The contest for mayor of Los Angeles is growing increasingly tense as Tuesday's election approaches, with much of the heat generated by attacks on the records of the most experienced candidates. But the assaults have not masked an essential truth: In politics, incumbency almost always provides a crucial boost.
Its benefits are immeasurable: a battle-tested army of aides, ready attention from the media, and that most important political asset of all, access to money.
The age-old practice of leapfrogging from one office to the next has grown more urgent and necessary as politicians face term limits, which guarantee them unemployment if they can't win a new job.
Gone are the days when a city councilman like Joel Wachs could hold the same job for nearly 30 years. (Wachs, a mayoral candidate, is banned from running again for the council.) Nowadays, politicians appear to be searching for their next job almost as soon as they are elected.
Los Angeles' election next week represents only the latest example. Among the candidates who are currently or were until recently in office: U.S. Rep. Xavier Becerra, state Controller Kathleen Connell, City Atty. James K. Hahn, former Assembly Speaker Antonio Villaraigosa and Wachs, all running for mayor; City Council member Laura Chick, aiming for city controller; and former state Sen. Tom Hayden, running for City Council.
"I've seen guys over the years leave local office telling the voters they're going to the state level, where they're really needed," said Bob Mulholland, campaign advisor to the state Democratic Party. "Then several years later, they're running for county supervisor saying that's where they're really needed. . . . The vast majority of people running for office are in another office."
Ask political consultants and others whether they would prefer to work for incumbents or novices and the answer is nearly universal: incumbents. By far.
First and foremost, they say, is the sheer ability to raise money. Many politicians already have a cadre of special-interest groups, lawyers, lobbyists and others willing to contribute in the name of access.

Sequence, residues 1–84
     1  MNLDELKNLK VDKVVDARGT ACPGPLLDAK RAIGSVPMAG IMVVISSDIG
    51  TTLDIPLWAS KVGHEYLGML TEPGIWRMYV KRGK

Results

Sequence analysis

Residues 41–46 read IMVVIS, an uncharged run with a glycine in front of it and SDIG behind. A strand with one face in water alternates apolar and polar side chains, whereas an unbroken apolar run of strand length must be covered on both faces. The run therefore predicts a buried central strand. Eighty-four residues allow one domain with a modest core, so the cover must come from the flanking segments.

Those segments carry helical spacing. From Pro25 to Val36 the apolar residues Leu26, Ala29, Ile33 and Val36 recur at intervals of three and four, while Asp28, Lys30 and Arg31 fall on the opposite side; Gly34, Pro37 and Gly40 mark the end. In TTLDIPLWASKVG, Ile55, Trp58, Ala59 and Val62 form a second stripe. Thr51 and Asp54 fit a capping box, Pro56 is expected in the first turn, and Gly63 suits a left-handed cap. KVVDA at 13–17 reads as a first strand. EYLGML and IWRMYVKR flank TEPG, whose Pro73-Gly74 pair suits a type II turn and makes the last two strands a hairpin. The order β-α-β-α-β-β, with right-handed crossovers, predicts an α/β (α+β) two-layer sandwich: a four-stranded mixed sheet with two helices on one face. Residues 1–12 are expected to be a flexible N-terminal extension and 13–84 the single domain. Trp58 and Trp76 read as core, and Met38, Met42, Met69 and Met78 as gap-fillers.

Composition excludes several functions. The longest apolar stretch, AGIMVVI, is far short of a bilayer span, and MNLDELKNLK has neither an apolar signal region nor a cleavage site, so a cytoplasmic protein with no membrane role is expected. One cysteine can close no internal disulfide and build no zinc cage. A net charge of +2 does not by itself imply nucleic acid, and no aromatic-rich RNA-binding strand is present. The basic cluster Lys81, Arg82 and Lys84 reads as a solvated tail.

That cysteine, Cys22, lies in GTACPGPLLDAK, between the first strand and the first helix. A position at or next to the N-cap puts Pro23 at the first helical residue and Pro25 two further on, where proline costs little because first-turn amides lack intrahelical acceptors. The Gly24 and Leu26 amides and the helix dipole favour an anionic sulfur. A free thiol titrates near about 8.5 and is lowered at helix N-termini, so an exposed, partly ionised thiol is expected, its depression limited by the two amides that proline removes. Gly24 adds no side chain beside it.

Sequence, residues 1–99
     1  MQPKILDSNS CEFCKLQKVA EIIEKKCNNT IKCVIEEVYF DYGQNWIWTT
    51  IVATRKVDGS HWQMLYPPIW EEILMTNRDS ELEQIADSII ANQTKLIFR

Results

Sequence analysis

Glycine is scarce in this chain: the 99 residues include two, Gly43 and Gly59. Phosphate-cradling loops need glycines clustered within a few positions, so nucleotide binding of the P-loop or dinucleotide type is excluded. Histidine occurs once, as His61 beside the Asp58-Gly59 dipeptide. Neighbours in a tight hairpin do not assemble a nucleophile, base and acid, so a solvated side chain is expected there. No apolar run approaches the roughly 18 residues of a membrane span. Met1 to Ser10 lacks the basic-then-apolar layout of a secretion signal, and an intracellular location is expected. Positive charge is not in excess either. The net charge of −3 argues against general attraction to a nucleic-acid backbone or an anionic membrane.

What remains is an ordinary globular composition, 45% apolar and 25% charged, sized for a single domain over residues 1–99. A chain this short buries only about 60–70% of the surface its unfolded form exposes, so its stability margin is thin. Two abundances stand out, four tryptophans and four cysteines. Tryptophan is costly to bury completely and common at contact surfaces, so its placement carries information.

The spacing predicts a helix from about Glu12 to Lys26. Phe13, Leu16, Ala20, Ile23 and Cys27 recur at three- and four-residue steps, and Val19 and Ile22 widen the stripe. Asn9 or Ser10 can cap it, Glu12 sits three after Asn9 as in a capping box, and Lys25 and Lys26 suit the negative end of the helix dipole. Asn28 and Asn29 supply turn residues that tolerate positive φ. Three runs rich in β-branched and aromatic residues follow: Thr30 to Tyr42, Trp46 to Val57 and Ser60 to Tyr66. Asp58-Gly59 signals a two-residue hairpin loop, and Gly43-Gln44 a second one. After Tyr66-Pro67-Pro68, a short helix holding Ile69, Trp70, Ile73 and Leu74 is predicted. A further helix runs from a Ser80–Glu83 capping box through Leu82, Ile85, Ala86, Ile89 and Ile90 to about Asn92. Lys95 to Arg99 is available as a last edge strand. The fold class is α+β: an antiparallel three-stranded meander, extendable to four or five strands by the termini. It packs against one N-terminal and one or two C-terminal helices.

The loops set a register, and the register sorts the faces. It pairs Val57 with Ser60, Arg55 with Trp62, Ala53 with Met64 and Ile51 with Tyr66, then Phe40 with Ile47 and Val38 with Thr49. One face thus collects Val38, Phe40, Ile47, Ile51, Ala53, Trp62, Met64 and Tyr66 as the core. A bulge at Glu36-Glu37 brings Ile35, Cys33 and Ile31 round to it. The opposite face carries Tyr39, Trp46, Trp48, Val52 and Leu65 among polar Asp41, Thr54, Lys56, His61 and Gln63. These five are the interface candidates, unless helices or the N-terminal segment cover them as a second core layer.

"If you're Jimmy Hahn or Joel Wachs, you have Rolodexes the size of oil drums of people you've helped for decades," said Ace Smith, who is running the campaign of businessman Steve Soboroff. "You just dial for dollars."
Second, these consultants and others say, is the related benefit of name recognition. First-time candidates like Soboroff must spend a tremendous amount of their precious campaign contributions on advertising just to introduce themselves to voters.
"The advantage of incumbency is amazing," said Rick Taylor, a veteran Los Angeles political consultant. "There is no dollar figure you can put on it."
Additionally, incumbents typically have far more experience with the issues--or at least with finessing their answers--than outside candidates.
At a recent mayoral debate, for example, Wachs said he was so busy with city business that he didn't have time to prepare. He didn't need it.
"We were asked questions for an hour and a half. By my experience, I was able to answer every question," Wachs said. "I didn't have to hire a staff to tell me what to say."
And that suggests another benefit to incumbency: Elected officials often ask their prized staff members to take a leave from their government jobs to help on the campaign. Other aides use their vacations or evenings and weekends to work on their bosses' races.
"They have a million-dollar staff," said Taylor, the political consultant, referring to incumbents. "To have those people with that kind of knowledge and resources . . . they know where the bodies are buried. They know every issue you've ever done.
"My own staff has been trying to get the city's sign ordinance for weeks," Taylor said. "If I was a councilman, my staff would have had it in minutes."
Not only are staff members likely to pitch in, but so are other officeholders with whom incumbents have developed relationships. For example: Sen. Barbara Boxer and Gov. Gray Davis have endorsed Villaraigosa, with whom they worked when he was Assembly speaker.
It all boils down to a substantial difference between the campaigns that can be waged by incumbents and by the average first-time candidate.
So Ken Gerston, who is running for City Council against Hayden, is sending out lots of glossy mailers--with pictures of his family and parents. Even his wife is out knocking on doors. Council candidate Jack Weiss, who is running against Gerston and Hayden, is trying potholders, the traditional political gimmick.
Compare that with the efforts of incumbents, blessed with the benefits of their current offices: